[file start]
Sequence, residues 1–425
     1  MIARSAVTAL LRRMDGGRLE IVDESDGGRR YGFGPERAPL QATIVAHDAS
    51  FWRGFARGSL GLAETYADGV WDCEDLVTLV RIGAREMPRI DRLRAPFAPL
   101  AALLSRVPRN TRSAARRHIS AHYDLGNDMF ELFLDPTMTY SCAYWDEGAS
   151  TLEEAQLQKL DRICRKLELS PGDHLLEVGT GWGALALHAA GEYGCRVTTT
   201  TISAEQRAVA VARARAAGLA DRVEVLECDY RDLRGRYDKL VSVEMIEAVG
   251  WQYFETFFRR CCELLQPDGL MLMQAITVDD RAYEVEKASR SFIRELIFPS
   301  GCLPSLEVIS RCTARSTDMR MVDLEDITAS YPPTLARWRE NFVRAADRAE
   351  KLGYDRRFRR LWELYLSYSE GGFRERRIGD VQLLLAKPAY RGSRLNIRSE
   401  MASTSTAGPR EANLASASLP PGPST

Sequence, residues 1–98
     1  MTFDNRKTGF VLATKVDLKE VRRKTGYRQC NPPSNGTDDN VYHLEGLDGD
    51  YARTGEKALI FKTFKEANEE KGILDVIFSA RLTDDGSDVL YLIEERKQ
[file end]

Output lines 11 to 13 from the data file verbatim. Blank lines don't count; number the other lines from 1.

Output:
Sequence, residues 1–98
     1  MTFDNRKTGF VLATKVDLKE VRRKTGYRQC NPPSNGTDDN VYHLEGLDGD
    51  YARTGEKALI FKTFKEANEE KGILDVIFSA RLTDDGSDVL YLIEERKQ